The Daily Illini

By Miranda Holloway

Alright parents and/or guardians, college is expensive and more likely than not, your child is going to need a job to help out with tuition, fees, living expenses and so on.

I get that, I pay for school essentially on my own, with the help of grants, scholarships and loans (sigh), and working as a student is what makes my college experience possible.

That being said, acknowledge your students as individuals before dogging them about their job prospects on campus.

Going to college is a culture shock for most.

Between trying to make friends, getting involved, finding their classes and learning the best way to study, there is plenty of stress on a college freshman’s plate.

If your student is taking a lighter class load and is one that can roll with the punches without much help, then pushing a job on them in their first semester might not hurt too much.

If both of you feel comfortable with their adjustment and time management skills, then it’s never too early to start raking in the cash.

Unfortunately, not many students are like this. I thought I was. I was most definitely not.

I had been a generally independent and confident kid in high school. I had a job for three years, was a good student in advanced and held multiple leadership positions. I knew how to do laundry, pay taxes, fill out paperwork and other adult-like things.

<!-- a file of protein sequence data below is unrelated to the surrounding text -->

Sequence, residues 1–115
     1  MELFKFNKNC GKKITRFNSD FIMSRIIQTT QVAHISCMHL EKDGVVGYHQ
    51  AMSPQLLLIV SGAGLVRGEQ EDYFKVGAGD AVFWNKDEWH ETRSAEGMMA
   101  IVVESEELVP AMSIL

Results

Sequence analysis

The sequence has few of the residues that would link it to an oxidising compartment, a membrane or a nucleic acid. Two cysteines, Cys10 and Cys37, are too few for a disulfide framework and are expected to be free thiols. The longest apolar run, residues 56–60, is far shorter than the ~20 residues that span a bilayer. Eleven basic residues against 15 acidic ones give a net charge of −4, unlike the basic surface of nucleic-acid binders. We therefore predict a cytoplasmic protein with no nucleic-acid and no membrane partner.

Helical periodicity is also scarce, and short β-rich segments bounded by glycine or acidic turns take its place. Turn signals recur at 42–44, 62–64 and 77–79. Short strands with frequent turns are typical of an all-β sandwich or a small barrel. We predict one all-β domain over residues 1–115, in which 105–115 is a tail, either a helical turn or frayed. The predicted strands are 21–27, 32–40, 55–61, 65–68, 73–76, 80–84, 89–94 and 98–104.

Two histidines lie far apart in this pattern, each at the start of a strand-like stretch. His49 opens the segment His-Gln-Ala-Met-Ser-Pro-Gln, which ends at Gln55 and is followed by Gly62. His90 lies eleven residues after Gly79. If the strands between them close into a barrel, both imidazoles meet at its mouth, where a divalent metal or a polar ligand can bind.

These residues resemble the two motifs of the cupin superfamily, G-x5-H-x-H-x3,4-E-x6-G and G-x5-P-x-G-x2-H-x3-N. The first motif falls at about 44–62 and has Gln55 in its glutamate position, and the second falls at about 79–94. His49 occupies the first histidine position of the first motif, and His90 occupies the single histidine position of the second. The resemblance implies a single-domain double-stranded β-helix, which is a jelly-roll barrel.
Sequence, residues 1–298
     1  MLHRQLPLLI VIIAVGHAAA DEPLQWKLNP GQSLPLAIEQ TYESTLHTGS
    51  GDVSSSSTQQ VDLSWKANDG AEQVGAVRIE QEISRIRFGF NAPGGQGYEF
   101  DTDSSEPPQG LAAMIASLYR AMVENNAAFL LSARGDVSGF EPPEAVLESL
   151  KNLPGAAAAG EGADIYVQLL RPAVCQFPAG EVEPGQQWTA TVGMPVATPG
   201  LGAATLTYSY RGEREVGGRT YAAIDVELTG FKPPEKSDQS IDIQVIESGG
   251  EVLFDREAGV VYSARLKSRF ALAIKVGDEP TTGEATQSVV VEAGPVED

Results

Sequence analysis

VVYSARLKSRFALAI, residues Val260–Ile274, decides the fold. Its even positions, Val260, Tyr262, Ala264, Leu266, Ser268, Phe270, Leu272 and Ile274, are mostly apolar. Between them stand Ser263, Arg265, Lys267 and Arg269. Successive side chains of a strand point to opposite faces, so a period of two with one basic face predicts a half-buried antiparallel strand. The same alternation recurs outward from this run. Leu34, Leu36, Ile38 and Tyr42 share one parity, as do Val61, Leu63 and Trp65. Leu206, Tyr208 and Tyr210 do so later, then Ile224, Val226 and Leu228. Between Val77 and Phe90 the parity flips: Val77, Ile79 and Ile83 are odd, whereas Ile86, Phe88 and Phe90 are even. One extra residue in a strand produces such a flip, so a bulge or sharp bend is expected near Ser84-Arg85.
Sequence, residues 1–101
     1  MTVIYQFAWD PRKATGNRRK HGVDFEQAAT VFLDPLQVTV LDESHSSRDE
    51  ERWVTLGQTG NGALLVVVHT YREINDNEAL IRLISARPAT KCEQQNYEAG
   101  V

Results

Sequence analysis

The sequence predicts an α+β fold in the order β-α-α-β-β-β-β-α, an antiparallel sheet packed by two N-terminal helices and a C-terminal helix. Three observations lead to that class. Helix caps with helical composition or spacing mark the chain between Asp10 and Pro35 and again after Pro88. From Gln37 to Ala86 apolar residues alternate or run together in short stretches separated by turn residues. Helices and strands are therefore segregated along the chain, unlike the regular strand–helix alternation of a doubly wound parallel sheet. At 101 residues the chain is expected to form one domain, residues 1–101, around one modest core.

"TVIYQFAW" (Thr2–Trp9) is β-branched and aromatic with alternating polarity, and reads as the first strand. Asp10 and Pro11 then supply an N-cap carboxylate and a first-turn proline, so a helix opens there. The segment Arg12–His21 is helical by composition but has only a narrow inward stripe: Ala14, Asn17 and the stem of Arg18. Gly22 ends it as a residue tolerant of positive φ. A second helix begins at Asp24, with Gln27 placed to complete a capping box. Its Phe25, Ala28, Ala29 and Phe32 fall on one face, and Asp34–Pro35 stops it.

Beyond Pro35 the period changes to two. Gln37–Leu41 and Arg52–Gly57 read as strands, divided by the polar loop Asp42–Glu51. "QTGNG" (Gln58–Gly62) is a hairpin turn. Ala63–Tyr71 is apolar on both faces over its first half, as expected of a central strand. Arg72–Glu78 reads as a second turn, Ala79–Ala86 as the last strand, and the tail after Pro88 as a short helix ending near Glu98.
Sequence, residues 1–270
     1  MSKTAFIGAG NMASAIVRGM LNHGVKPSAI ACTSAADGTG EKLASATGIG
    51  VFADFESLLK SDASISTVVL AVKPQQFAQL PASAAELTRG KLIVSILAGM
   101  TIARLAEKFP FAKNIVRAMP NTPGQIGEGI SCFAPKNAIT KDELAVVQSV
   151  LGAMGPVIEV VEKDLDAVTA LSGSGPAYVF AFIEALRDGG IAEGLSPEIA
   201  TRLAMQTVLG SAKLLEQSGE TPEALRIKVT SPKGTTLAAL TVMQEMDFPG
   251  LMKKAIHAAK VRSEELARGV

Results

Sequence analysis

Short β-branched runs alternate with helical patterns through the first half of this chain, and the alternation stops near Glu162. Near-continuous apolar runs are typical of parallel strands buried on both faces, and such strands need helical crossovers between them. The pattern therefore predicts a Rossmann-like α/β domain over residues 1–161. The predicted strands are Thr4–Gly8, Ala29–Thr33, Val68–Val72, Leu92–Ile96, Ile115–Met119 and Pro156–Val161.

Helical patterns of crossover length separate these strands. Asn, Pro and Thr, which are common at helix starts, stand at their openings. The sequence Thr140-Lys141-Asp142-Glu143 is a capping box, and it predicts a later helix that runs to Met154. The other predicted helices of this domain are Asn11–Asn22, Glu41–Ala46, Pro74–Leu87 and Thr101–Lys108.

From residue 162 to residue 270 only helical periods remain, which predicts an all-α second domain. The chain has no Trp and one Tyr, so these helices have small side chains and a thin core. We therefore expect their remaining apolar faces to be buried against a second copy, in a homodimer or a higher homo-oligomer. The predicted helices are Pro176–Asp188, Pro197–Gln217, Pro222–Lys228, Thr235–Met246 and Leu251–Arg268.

But being away from home, having to make new friends and adjust to a whole new level of coursework was overwhelming.

I wanted a job and knew I needed to get one, but putting it off a semester was one of the best decisions I made in college, and my parent supported that.

I needed that first semester to get on my feet and then I was able to look for a way to make money while still staying successful in school.

Pushing students to get a job while they are trying to figure out how college works will cause more stress than those paychecks are worth.

If a stressed student starts too early, it can cost them their physical and mental health, but also their grades. If that GPA falls too low, they can kiss their scholarship goodbye. It’s basically impossible to make up that lost money on a student’s salary.

If you don’t trust your new student to eventually find a job, give them a few months before you start pushing.

After a semester of college, they will understand how expensive living is and will have a wake up call to help out.

Every financial situation and student is different, so it’s up to you and your student to find a solution that works for everyone. Be honest with one another about expectations, financial realities and time management.

Finding a job where a student is comfortable will also help the student make the most of their student work experience.

Not every student is going to be statisfied working a desk reception job at an on campus building, just as not every student will do well on their feet working retail or at campus recreation.

Looking at the job board will give students a glimpse of what is availale to them when they are ready to get a job.

At the end of the day, no one knows your child and your financial situation better than you, and it’s up to you to find something that is both financially responsible and healthy for the student.

Miranda is a junior in Media.

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